There are many types of mediation. This blog will only address the most common forms of mediation in Wisconsin Family Law.
Typically, when the parties cannot agree on placement or custody issues, the Court will initially refer the parties to meet with a mediator. Mediation is generally mandatory although the Court can refrain from ordering mediation in cases involving domestic abuse. In Dane County, the mediator is usually a member of the Family Court Services staff. Almost always this mediation is done without attorneys present. The parties and mediator then meet for usually an hour or more to see if the issues can be resolved. If not, then, at least in initial divorce proceedings, the Court will usually appoint a guardian ad litem to represent the child or children’s best interests and make a recommendation as to what placement and custody terms are in the children’s best interests. In Dane County, the Court will typically refer the matter to Family Court Services for a custody study as well.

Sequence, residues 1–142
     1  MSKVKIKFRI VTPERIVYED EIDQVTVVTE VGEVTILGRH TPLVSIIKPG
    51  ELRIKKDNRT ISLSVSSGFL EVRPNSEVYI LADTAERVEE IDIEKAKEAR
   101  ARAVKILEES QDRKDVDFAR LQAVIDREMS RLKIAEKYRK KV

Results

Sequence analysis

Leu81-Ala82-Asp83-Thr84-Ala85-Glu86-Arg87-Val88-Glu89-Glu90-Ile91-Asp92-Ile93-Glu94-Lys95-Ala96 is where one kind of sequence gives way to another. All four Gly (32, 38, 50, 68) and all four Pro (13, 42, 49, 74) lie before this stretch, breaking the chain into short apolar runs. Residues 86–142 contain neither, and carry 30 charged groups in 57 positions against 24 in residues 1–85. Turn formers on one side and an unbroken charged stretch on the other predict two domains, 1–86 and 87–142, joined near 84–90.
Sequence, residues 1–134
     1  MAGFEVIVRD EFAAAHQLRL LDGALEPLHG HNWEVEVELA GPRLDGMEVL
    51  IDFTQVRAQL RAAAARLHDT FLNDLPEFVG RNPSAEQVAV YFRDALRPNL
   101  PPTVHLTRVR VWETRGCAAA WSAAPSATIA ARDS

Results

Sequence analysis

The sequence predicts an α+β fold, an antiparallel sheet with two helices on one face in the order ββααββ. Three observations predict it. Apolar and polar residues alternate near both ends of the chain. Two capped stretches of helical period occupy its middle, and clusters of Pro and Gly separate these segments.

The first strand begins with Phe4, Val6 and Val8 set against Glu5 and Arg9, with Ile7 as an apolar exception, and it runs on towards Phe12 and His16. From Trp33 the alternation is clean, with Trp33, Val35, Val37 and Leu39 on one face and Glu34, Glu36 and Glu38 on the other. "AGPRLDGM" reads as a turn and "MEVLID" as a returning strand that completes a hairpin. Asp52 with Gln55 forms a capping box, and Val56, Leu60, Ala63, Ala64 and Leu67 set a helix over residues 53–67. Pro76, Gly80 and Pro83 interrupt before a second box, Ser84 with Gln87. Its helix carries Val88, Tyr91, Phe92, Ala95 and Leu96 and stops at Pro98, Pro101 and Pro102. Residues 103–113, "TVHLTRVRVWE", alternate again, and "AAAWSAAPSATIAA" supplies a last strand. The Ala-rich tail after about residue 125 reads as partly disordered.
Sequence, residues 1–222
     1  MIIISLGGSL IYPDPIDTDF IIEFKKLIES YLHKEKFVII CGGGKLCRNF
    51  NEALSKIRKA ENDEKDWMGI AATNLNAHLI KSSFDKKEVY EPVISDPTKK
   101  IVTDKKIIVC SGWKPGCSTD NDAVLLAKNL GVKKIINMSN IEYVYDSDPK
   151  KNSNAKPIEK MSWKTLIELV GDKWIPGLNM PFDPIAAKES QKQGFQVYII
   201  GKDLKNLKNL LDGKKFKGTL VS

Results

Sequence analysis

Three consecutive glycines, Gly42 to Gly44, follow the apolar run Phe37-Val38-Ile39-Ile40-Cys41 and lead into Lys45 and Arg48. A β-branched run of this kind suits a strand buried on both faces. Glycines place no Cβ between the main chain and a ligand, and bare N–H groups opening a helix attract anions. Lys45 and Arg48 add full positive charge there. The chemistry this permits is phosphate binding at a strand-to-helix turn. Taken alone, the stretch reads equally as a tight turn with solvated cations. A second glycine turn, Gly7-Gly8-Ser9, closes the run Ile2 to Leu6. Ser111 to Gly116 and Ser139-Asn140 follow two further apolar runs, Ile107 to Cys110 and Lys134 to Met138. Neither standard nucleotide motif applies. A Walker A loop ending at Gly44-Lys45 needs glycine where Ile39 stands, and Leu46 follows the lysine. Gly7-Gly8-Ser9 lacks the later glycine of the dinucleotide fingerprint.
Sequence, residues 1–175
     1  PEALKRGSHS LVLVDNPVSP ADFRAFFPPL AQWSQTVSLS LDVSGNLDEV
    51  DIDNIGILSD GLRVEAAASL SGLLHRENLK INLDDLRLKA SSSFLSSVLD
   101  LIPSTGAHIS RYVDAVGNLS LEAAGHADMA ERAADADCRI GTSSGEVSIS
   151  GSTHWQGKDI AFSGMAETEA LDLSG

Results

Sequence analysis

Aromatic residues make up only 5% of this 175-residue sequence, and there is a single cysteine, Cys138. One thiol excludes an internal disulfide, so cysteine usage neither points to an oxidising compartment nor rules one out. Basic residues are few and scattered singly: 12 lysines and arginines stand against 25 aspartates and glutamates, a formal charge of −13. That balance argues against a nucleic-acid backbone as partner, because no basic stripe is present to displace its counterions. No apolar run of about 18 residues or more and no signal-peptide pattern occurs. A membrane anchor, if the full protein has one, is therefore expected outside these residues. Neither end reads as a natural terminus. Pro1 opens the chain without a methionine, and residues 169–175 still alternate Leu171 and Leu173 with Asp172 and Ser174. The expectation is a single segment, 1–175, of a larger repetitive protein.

For financial issues which cannot be resolved through negotiations, the Dane County Bar Association sponsors the Dane County Case Mediation Program in which the lawyers choose a third attorney, from a list of volunteer attorneys, to serve as a mediator. The parties, attorneys and mediator then meet for usually about three hours to see if the financial issues can be resolved. Most cases I have taken to mediation do settle, largely because if it fails then the only way to resolve the issues is generally a trial before the judge assigned to the case. Therefore, even in contentious cases, the parties often do settle in order to avoid the expense and risk of trial.